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dc.contributor.authorKottuparambil, Sreejith
dc.contributor.authorAgusti, Susana
dc.date.accessioned2018-05-02T06:04:33Z
dc.date.available2018-05-02T06:04:33Z
dc.date.issued2018-04-25
dc.identifier.citationKottuparambil S, Agusti S (2018) PAHs sensitivity of picophytoplankton populations in the Red Sea. Environmental Pollution 239: 607–616. Available: http://dx.doi.org/10.1016/j.envpol.2018.04.079.
dc.identifier.issn0269-7491
dc.identifier.pmid29704673
dc.identifier.doi10.1016/j.envpol.2018.04.079
dc.identifier.urihttp://hdl.handle.net/10754/627739
dc.description.abstractIn this study, we investigated the in situ responses of Red Sea picophytoplankton, the dominant phytoplankton group in the oligotrophic ocean, to two toxic polycyclic aromatic hydrocarbons (PAHs), phenanthrene and pyrene. The experiments were conducted across a latitudinal gradient of the Saudi Arabian Red Sea, an area sensitive to oil pollution. We observed significant adverse effects on the growth and abundance of the picocyanobacteria Synechococcus and picoeukaryotes, at all stations sampled. Prochlorococcus, which was abundant only at one of the stations, also appeared to be affected. Pyrene was found to be more toxic to phytoplankton at all stations. In general, picoeukaryotes exhibited higher sensitivity to PAHs than Synechococcus. Populations in the highly oligotrophic Northern region of the Red Sea were more tolerant to PAHs, presumably influenced by the natural selection of more resistant strains of phytoplankton due to the prolonged exposure to PAHs. Toxicity threshold values estimated here are higher than those reported for picophytoplankton from other oligotrophic marine waters and exceed by far the natural levels of PAHs in many oceans. Our findings reveal a possible adaptation of picophytoplankton populations to oil-related contaminants, which may clearly influence their spatial distribution patterns in the Red Sea.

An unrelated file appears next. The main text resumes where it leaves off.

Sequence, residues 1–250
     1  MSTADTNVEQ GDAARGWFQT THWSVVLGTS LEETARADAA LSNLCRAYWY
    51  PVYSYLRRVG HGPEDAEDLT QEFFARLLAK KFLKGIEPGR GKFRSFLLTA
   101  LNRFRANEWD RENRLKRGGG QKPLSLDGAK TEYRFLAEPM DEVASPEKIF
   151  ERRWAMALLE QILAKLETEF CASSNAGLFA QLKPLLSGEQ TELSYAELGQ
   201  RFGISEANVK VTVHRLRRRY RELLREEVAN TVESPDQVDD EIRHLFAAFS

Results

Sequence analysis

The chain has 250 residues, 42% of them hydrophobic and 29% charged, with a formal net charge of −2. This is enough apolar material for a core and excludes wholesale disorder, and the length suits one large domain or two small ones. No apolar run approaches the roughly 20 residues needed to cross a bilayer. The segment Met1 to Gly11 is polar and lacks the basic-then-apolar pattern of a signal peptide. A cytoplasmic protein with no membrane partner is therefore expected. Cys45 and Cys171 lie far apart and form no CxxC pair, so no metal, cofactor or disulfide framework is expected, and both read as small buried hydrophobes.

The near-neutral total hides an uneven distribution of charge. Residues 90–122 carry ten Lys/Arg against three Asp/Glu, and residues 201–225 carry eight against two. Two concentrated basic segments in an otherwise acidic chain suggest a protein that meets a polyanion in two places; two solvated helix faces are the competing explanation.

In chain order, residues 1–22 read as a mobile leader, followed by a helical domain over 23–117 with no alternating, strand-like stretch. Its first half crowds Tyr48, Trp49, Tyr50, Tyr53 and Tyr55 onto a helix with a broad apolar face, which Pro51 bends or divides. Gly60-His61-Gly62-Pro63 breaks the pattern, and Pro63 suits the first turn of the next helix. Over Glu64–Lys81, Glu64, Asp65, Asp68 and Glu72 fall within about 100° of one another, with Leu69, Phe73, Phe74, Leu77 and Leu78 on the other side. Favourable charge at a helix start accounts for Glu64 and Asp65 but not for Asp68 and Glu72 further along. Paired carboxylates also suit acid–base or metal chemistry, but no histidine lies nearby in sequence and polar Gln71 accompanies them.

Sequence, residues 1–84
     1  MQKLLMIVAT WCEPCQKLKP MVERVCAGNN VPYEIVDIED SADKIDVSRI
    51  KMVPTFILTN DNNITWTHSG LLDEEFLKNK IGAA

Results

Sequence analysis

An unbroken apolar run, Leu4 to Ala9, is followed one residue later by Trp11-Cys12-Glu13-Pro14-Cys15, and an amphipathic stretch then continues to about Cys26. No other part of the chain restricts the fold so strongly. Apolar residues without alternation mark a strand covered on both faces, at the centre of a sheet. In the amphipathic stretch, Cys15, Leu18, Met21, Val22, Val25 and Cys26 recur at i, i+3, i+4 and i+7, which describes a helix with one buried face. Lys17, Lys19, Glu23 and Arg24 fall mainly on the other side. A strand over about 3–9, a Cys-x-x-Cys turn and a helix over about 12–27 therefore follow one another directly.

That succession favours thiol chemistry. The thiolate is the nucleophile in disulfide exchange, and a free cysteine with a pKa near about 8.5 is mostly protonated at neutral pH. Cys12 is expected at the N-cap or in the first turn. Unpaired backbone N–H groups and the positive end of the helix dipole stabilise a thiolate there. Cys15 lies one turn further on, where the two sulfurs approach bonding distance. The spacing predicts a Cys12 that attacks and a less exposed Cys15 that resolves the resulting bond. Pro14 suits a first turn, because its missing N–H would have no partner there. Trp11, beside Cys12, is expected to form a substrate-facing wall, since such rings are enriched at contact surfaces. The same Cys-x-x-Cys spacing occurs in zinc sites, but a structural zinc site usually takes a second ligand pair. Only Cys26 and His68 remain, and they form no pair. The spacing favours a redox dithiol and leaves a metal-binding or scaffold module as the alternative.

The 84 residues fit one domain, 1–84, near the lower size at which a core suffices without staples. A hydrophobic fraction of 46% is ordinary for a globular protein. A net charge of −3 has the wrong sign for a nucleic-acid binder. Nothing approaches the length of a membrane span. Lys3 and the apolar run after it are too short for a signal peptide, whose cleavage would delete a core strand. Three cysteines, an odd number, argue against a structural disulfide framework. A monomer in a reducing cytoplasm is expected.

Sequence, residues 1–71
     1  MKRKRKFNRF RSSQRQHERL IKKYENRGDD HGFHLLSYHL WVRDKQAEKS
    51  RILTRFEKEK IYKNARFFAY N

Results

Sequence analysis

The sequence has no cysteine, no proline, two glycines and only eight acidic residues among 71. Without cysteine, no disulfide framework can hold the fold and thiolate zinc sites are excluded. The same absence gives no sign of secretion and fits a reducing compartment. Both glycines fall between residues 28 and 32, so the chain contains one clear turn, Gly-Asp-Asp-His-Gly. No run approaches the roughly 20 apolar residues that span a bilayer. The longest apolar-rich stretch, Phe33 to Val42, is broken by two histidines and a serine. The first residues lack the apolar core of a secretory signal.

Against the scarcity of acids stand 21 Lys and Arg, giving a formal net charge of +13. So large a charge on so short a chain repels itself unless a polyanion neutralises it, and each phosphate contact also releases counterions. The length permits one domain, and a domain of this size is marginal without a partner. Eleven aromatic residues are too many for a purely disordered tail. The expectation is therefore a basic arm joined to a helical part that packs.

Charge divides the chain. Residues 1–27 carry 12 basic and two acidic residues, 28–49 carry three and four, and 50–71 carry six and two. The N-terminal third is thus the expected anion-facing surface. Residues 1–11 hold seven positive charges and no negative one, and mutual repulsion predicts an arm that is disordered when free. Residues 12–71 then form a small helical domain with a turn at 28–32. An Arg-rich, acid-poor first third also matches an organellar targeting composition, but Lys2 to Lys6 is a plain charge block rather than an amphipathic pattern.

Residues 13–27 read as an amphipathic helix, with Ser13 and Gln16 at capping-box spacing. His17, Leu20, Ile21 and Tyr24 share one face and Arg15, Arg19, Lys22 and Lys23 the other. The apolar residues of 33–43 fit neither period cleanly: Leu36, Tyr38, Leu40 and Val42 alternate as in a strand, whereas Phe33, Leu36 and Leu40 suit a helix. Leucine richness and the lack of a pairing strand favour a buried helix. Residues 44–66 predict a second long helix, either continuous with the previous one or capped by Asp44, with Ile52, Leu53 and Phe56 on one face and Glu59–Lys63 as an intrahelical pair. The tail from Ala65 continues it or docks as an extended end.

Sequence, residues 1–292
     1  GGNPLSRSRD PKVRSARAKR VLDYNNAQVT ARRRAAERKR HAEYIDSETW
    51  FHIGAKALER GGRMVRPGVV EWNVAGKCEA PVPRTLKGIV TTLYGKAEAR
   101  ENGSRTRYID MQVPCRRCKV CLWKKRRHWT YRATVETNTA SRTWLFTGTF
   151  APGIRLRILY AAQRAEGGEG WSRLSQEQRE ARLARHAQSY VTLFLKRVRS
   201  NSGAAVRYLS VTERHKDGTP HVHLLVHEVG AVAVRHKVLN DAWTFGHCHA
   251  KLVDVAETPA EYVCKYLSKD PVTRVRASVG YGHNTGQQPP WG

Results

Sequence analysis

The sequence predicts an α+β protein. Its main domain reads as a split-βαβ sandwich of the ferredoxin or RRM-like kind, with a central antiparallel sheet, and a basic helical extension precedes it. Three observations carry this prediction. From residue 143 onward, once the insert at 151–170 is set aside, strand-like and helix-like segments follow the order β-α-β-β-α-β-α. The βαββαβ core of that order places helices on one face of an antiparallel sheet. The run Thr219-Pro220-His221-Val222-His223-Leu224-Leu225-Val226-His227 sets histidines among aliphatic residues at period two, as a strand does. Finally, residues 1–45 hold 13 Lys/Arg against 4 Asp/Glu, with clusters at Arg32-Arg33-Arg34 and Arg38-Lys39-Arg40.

dc.description.sponsorshipThis work was supported by the King Abdullah University of Science and Technology (KAUST). We are grateful to the Coastal and Marine Resources Core Lab (CMOR), KAUST and the R/V Thuwal crew for their help during the sampling procedures.
dc.publisherElsevier BV
dc.relation.urlhttps://www.sciencedirect.com/science/article/pii/S0269749118305463
dc.rightsNOTICE: this is the author’s version of a work that was accepted for publication in Environmental Pollution. Changes resulting from the publishing process, such as peer review, editing, corrections, structural formatting, and other quality control mechanisms may not be reflected in this document. Changes may have been made to this work since it was submitted for publication. A definitive version was subsequently published in Environmental Pollution, [, , (2018-04-25)] DOI: 10.1016/j.envpol.2018.04.079 . © 2018. This manuscript version is made available under the CC-BY-NC-ND 4.0 license http://creativecommons.org/licenses/by-nc-nd/4.0/
dc.subjectPAHs
dc.subjectPhenanthrene
dc.subjectPyrene
dc.subjectLC10
dc.subjectSynechococcus
dc.subjectRed Sea
dc.titlePAHs sensitivity of picophytoplankton populations in the Red Sea
dc.typeArticle
dc.contributor.departmentRed Sea Research Center (RSRC)
dc.contributor.departmentBiological and Environmental Sciences and Engineering (BESE) Division
dc.contributor.departmentMarine Science Program
dc.identifier.journalEnvironmental Pollution
dc.eprint.versionPost-print
kaust.personKottuparambil, Sreejith
kaust.personAgusti, Susana
refterms.dateFOA2020-04-25T00:00:00Z
dc.date.published-online2018-04-25
dc.date.published-print2018-08


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